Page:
WHAT SETS TAURUS pedals up as the bass to beat the rest, can only be appreciated when you hear them. The thunderous Taurus setting (showcased on Steve Hackett's 'Clocks'), will soon show you if you've got any loose plaster. Alternatively, the smooth Tuba setting can be used to underpin any arrangement without overstating its presence. Bass, meanwhile, is a chunky synth bass sound that cries out to be played more quickly than is actually possible by foot (playing by fist usually becomes the order of the day). The sounds awaiting the unwary traveller in the Variable section are remarkably diverse, ranging from sweet, high-pitched sounds suitable for playing melodies to strange drone effects for more avant-garde uses.

The bass sounds from this machine are unashamedly analogue. They purr and roar with traditional analogue warmth, and seem to exhibit a very "controlled" bass end. It's almost as if the sound is being compressed slightly, although I am told this is not the case. Taurus sounds sit in a mix very comfortably without undue equalisation or level-riding, and can make even quite a sparse mix sound very full. I have tried to emulate the sound of the Taurus on many synths, including my trusty Minimoog, but have never managed to capture the tight, controlled bass that Taurus effortlessly produces.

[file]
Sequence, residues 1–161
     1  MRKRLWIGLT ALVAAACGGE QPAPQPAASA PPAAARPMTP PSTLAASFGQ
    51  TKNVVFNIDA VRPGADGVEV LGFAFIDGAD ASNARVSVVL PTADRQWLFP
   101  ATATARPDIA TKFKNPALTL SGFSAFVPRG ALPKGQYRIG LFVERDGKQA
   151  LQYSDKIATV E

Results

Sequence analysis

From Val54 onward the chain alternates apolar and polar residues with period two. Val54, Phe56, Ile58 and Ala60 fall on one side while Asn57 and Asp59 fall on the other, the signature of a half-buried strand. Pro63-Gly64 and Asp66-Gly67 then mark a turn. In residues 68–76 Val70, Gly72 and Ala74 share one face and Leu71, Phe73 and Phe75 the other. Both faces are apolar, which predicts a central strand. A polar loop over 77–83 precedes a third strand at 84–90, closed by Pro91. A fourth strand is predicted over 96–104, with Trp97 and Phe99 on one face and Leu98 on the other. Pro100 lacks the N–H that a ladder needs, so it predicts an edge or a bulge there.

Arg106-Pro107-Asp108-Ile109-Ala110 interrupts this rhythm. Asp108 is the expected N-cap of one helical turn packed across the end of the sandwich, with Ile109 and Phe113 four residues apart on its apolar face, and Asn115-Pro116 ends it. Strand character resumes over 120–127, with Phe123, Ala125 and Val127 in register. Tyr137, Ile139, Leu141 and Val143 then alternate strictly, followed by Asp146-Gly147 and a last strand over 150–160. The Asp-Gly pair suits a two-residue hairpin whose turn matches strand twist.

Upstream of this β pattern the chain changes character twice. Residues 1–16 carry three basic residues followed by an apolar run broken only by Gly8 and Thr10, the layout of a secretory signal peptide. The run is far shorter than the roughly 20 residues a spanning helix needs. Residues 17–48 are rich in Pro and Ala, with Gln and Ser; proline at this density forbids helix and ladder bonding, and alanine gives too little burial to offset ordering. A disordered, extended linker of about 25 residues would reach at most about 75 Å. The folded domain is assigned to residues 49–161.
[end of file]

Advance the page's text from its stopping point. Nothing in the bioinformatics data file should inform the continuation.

If you've never heard (knowingly) the sound of Moog Taurus pedals, there are plenty of recorded examples for you to check out - but given the time of their release, you're going to find yourself deep in rock territory. One place to start is with the aforementioned 'Clocks', but the opening of Genesis' 'Dance on a Volcano' and 'Los Endos' from A Trick of the Tail would offer a similar insight. Don't get the idea that the Taurus is for 1970s pomp rock covers only, though. Given the current popular preoccupation with bass (a phenomenon that also marked the mid-'70s), and MIDI control of pre-MIDI gear only a retrofit away, those fat bass sounds can be sequenced to perfection. It's just that nobody's done it yet - have they?

I will soon be getting my own Taurus pedals MIDI'd, and expect a new era of music to open up for me. I can finally get that Bass preset earning its keep without my fists feeling as if they've been loaned out to Mike Tyson.

It's a funny thing, but whenever I play live, the questions I get asked always seem to revolve around the sounds that I get using my Moogs. Nobody ever asks me which D50 sounds I use or what my favourite samples are. Is it just that younger ears have never heard these sounds, or is it that they really are as good as us analogue junkies imagine? Whatever the truth, these things always seem to go in cycles: I was asking the very same questions back in 1977.



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Music Technology - Copyright: Music Maker Publications (UK), Future Publishing.

 

Music Technology - May 1991

Donated by: Mike Gorman, Ian Sanderson

Scanned by: Mike Gorman

Topic:

Vintage Instruments


Gear in this article:

Synthesizer > Moog > Taurus


Gear Tags:

Analog Synth
Monosynth

Retrospective (Gear) by Paul Ward

Previous article in this issue:

> Kawai XD5

Next article in this issue:

> Back Issues